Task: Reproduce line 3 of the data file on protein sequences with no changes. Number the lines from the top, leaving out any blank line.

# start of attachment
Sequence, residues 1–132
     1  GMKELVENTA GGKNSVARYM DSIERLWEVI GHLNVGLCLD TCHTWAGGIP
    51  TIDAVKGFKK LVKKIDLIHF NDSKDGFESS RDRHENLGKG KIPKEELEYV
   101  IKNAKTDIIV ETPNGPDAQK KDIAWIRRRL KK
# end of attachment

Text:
    51  TIDAVKGFKK LVKKIDLIHF NDSKDGFESS RDRHENLGKG KIPKEELEYV